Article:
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Television

A quietly stunning quest for Bonnie Prince Charlie

Plus: Jonathan Creek's charm is as strong as ever, but Hair should have stayed on the cutting-room floor

1 March 2014

9:00 AM

1 March 2014

9:00 AM

What if Bonnie Prince Charlie, as he swept down from Scotland towards London to lay claim to the throne, hadn’t lost his nerve at Derbyshire but had instead pressed on — and won? What would Britain be like today? In the year that the Scots vote on whether to stay in the UK, the art world has discovered a painting from that other time when the union was in jeopardy. It’s a marvellous portrait of Charles, painted in Holyrood Palace by the famous Scottish artist Allan Ramsay, when both men were at the peak of their ambition. The only known portrait of Bonnie Prince Charlie from this heroic phase of his life, it dates from around 1745, when he led the Jacobite rebellion.

The discovery was made by the art detective Bendor Grosvenor, of Fake or Fortune fame. Grosvenor is English, but his stake in the endeavour was personal. He’d been suffering authenticator’s remorse since 2009, when he proved that a celebrated exhibit in the Scottish Portrait Gallery was not of Charles, as previously supposed, but instead of the Bonnie One’s brother Henry. Overnight, depictions of the portrait had to be pulled from the covers of countless shortbread tins. So Grosvenor, wanting to make good, set out to find an actual portrait of Charles Edward Stuart, and his mission was the subject of The Lost Portrait of Bonnie Prince Charlie, a Culture Show special on BBC2.

It’s a quietly stunning programme, documenting not only the unearthing of the lost portrait, but also a journey into the heart of Scotland. At first Grosvenor circled the fringes of art collections, fingering a posthumous miniature of Charles here, studying a florid modern depiction there. He was helped by the camera. At the beginning it showed scenes of men in kilts and playing bagpipes — not a fake Scotland, to be sure, but still the Scotland the world most readily recognises; then, as Grosvenor closed in on the real deal, it offered more poetic, intimate shots of the Scottish landscape. By the time Grosvenor rode up in leathers on his motorcycle to Edinburgh, to show his find to a Ramsay expert, the screen was awash with golden Scottish sunlight. As we clapped eyes on the portrait of the Young Pretender himself, there seemed more layers to uncover: he was really bonny, this prince, with his glamorous sheen, bright eyes and pink cheeks (revolting must do wonders for your complexion).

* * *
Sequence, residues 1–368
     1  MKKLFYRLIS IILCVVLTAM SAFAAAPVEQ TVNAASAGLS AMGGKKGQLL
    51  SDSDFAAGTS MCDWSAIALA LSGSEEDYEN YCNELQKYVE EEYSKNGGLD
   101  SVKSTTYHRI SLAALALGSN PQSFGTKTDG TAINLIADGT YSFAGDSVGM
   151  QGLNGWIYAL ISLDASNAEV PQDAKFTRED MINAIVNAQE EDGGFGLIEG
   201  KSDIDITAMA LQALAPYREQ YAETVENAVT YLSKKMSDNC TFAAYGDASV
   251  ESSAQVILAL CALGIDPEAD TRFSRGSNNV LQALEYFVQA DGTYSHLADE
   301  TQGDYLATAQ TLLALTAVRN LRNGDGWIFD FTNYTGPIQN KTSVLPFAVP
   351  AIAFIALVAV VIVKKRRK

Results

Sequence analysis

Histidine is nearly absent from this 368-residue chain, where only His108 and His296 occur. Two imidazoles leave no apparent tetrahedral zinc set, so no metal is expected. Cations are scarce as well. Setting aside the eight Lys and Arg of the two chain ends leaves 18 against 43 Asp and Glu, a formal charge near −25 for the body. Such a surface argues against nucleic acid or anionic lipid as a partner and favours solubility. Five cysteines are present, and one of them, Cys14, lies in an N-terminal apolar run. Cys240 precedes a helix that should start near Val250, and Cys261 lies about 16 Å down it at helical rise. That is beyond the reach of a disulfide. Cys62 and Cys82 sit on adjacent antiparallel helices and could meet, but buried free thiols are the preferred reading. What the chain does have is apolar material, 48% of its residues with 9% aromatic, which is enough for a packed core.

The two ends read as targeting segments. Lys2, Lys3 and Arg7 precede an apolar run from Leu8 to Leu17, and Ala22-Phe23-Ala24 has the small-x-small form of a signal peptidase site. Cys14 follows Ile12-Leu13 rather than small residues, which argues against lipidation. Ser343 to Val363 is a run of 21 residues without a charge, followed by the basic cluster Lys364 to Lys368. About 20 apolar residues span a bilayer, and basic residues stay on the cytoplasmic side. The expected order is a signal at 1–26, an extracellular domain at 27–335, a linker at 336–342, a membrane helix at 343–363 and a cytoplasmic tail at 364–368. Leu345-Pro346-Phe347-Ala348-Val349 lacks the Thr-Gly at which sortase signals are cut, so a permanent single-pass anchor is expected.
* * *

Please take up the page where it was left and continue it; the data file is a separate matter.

Equally charming was the pilot of the fifth season of BBC1’s Jonathan Creek, which saw the frizzy-haired detective, played by funnyman Alan Davies, reluctantly drawn into the tawdry world of second-tier musical theatre. Yes, the two concurrent cases that Creek had to solve, with the help of his wife Polly (Sarah Alexander), weren’t exactly in the save-the-world league — but that’s precisely what endears Creek to his cult following. He makes everything look shambolic until the very end. Indeed, the episode poked fun at super-sleuths, with a Sherlock-type character (though in appearance he more resembled Doctor Who’s David Tennant) who kept spotting ‘clues’ and spouting theories à la Cumberbatch — except his theories were always wrong.

The show teased out the comedy in tragedy very well, with the death of Polly’s father handled with both tenderness and humour. (‘Oh, why is it so hard?’ Polly sobbed as she looked at her deceased father in his coffin, while clutching the corpse’s hand. ‘Rigor mortis, I think you’ll find,’ replied the undertaker.) My one gripe is that the howdunnit element pertaining to the musical, whose leading starlet died from blood loss, was revealed to the viewer from the get-go: Creek’s deduction skills were only used for part of the mystery. Still, this is a detective series that doesn’t take itself too seriously — and goodness knows we need one.

Something’s sprung up at BBC3 called Hair. Six contestants (or was it five? I may have suppressed the memory) compete at washing, cutting, styling, blow-drying and stacking up hair. For their first challenge, they had to create a quiff at least seven centimetres high. This they did on models whose expressions varied from amused to agonised. By the third challenge, when the contestants had to create styles along a ‘fairy-tale’ theme, a few models looked positively mutinous. I may be wrong, but the one on whose head was piled a huge, heavy mass, meant to represent a giant flower bud, seemed to glower angrily from underneath it. When the ‘petals’ were untied and a Thumbelina popped out from atop her cranium, she looked unhappier still.

It may yet work, but so far the show doesn’t quite gel. The two judges aren’t compelling, and the male one wears a hat indoors, which doesn’t inspire confidence. Perhaps Hair should have been left on the cutting-room floor.


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